Shipboard and altimetric studies of rapid Gulf Stream variability between Cape Cod and Bermuda

Terrence M. Joyce, Kathyrn A. Kelly, David M. Schubert, Michael J. Caruso

Research output: Contribution to journalArticlepeer-review

11 Scopus citations


The temporal variability of the Gulf Stream between Cape Cod and Bermuda was examined using shipboard ADCP measurements, satellite infra-red (AVHRR) and altimeter (GEOSAT) data for a period of about 2 weeks in April 1989. Dominant changes were a southward shift and rotation of the Gulf Stream due to a meander, a westward translation of a warm-core ring and an eastward translation of a cold-core ring. Terms in the along-track (nearly cross-stream) and cross-track momentum balances from the ADCP data showed that horizontal advection of horizontal momentum was the principal ageostrophic term, exceeding both measured temporal changes and estimated vertical velocity terms by about a factor of five at a depth of 100 m. Cross-track pressure gradients (not measured) needed to be about 20% higher than expected geostrophically and, if not balanced by the horizontal advection terms, could force particles across and out of the Gulf Stream to the south at speeds of 0.1 m-1. Cross-track ADCP velocities agreed closely with those estimated from GEOSAT: both gave peak velocities in the Gulf Stream of about 2.0 ± 0.1 m s-1. Errors were of the same order as the ageostrophic terms in the along-track momentum balance. Except near the Bermuda Rise, GEOSAT-derived absolute velocities could be quantitatively related to major oceanographic signals, such as the Gulf Stream and rings.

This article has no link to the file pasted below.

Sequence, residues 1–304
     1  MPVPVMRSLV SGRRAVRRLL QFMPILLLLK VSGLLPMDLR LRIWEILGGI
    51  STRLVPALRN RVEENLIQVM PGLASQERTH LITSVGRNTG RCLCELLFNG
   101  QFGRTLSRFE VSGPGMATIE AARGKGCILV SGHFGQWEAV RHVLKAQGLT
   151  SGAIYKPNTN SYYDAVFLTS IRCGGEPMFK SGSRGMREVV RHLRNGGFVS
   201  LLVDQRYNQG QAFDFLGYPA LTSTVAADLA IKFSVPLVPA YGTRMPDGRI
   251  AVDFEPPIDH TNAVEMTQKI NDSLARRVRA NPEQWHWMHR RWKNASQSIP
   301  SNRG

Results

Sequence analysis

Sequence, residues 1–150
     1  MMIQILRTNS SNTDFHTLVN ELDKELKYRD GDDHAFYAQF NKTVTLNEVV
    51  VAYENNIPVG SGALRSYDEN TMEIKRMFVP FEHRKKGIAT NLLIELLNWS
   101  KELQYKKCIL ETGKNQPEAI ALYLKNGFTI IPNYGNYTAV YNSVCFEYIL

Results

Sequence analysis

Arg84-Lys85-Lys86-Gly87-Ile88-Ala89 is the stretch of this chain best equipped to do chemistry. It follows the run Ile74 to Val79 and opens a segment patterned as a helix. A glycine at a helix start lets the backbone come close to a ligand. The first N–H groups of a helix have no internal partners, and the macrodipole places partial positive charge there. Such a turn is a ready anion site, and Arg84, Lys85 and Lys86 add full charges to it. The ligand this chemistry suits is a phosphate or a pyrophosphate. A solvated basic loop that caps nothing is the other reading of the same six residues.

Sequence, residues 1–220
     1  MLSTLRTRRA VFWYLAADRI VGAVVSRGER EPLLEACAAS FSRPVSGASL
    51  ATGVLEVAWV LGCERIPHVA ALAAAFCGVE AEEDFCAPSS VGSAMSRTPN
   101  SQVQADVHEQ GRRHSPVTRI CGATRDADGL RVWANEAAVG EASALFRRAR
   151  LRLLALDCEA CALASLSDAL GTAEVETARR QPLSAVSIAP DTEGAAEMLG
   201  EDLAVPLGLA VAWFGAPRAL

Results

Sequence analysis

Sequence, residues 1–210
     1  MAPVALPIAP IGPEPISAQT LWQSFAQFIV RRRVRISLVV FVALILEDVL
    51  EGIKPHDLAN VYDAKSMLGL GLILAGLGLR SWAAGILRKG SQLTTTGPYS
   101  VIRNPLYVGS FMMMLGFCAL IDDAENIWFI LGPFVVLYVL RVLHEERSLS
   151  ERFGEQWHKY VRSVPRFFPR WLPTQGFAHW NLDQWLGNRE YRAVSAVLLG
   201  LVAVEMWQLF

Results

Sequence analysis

Original languageEnglish (US)
Pages (from-to)897-910
Number of pages14
JournalDeep Sea Research Part A, Oceanographic Research Papers
Issue number6
StatePublished - Jun 1990
Externally publishedYes

ASJC Scopus subject areas

  • Environmental Science(all)
  • Earth and Planetary Sciences(all)


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